Filly born without eyes? - Page 5 - The Horse Forum
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post #41 of 72 Old 04-23-2013, 11:59 PM
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Originally Posted by AndersonEquestrian View Post
Excellent made point, but the problem that I am having is not just her lack of sight. I am also worried that since she didn't fully develop eyes and mom was emaciated throughout the pregnancy, what else didn't develop correctly? How do we know there aren't mental defects? What if her insides aren't developed and she is constantly sick?

We have to think about her well being as well as our financial situation.
This is a very real possibility. A few years ago I bought a pregnant mare in early spring (Sight unseen) when she arrived at my house she was emaciated. She was due in less than 3 months. I obviously started to feed her up as much as I could while still being safe. By the time she foaled in late June she was a touch underweight but nothing serious. She had a healthy, very healthy, big colt. He grew quickly, was super smart, had tons of energy and easily kept up with the other foals. I sold him in his yearling year, he was was big and strong and full of life. The spring before he turned two he got sick and went down FAST. Vet did an autopsy and discoverd that his lungs and heart were very small. The vet didn't know the history on the mare and said to the owners of the foal at that time, "I am sure the mare must have been underweight or malnourished when she was in foal with him, this is a common problem I see.."
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post #42 of 72 Old 04-24-2013, 12:11 AM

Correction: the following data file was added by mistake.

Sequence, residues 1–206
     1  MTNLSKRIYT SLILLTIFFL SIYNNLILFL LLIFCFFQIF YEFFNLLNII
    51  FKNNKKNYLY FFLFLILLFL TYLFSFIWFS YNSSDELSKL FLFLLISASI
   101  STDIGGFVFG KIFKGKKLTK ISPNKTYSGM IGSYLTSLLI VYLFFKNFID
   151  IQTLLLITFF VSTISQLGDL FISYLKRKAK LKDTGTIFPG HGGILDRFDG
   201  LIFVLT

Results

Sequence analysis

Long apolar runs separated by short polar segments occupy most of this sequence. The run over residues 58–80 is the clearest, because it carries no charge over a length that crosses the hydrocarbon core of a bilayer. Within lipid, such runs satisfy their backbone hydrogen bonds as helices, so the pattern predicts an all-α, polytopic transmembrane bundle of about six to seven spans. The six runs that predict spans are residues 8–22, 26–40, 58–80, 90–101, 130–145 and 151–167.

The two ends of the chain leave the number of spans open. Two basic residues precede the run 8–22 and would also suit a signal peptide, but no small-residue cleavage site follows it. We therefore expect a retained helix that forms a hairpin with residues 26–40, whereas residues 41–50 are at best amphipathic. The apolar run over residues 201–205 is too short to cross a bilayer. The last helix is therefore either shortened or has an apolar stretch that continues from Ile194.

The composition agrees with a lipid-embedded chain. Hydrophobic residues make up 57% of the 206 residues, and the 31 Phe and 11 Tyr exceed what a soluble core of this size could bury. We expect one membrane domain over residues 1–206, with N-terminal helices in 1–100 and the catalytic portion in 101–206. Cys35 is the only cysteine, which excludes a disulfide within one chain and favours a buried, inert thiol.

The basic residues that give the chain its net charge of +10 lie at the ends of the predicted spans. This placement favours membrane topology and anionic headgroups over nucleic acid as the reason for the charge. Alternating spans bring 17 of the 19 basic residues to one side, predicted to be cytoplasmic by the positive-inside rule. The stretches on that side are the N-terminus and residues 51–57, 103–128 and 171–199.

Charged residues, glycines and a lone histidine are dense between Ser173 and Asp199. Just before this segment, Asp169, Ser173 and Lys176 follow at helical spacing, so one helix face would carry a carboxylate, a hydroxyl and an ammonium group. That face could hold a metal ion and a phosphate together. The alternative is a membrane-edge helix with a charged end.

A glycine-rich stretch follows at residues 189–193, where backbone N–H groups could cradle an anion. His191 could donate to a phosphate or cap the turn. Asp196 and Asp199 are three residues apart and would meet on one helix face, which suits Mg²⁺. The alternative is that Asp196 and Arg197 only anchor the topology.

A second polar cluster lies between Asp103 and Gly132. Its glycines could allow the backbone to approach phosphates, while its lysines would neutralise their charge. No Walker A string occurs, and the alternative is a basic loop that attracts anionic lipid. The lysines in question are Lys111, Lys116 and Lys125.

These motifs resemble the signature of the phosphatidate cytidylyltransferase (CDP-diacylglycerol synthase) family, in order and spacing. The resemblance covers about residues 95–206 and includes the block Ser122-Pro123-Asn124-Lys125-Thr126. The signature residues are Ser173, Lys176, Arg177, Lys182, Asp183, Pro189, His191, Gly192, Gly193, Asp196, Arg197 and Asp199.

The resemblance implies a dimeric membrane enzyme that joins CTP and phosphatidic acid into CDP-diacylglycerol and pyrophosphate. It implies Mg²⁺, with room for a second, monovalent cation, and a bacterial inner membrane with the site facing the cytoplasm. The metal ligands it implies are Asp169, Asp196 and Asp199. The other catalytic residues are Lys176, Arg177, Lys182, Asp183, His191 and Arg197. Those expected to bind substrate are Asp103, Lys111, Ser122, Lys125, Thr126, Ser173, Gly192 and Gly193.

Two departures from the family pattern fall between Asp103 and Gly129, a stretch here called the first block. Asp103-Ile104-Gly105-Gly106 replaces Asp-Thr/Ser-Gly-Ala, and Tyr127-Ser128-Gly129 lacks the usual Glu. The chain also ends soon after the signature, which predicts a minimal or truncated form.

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Someone else mentioned it already - there is a ranch somewhere that takes on blind horses. And who says you have to train her? As long as she's trained to have manners, be halter broke etc, she might have a wonderful like as a pasture puff or companion horse.

That's assuming she has no other issues.

Here you go: I'm sure they'd offer some advice, or even take her if you couldn't cope. Rolling Dog Farm Rescues and Shelters Disabled Animals | Lancaster, New Hampshire
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post #43 of 72 Old 04-24-2013, 12:56 AM
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This is a very real possibility. A few years ago I bought a pregnant mare in early spring (Sight unseen) when she arrived at my house she was emaciated. She was due in less than 3 months. I obviously started to feed her up as much as I could while still being safe. By the time she foaled in late June she was a touch underweight but nothing serious. She had a healthy, very healthy, big colt. He grew quickly, was super smart, had tons of energy and easily kept up with the other foals. I sold him in his yearling year, he was was big and strong and full of life. The spring before he turned two he got sick and went down FAST. Vet did an autopsy and discoverd that his lungs and heart were very small. The vet didn't know the history on the mare and said to the owners of the foal at that time, "I am sure the mare must have been underweight or malnourished when she was in foal with him, this is a common problem I see.."
Oh no! Who was that?


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post #44 of 72 Old 04-24-2013, 01:13 AM
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Oh no! Who was that?
Bullseye. I am sure you can vouch for me that he seemed like a very healthy, normal foal.
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post #45 of 72 Old 04-24-2013, 01:16 AM
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I vote see what the vet says, then decide. Nature is amazing and especially adaptable to disability. If she is otherwise healthy and you have time to invest she will only require more handling and supervision than a regular foal-maybe- or she may adapt to her lack of sight like a fish to water.
Every life deserves a chance and blindness shouldnt be an automatic death sentence.
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post #46 of 72 Old 04-24-2013, 01:32 AM
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I would put her down too =/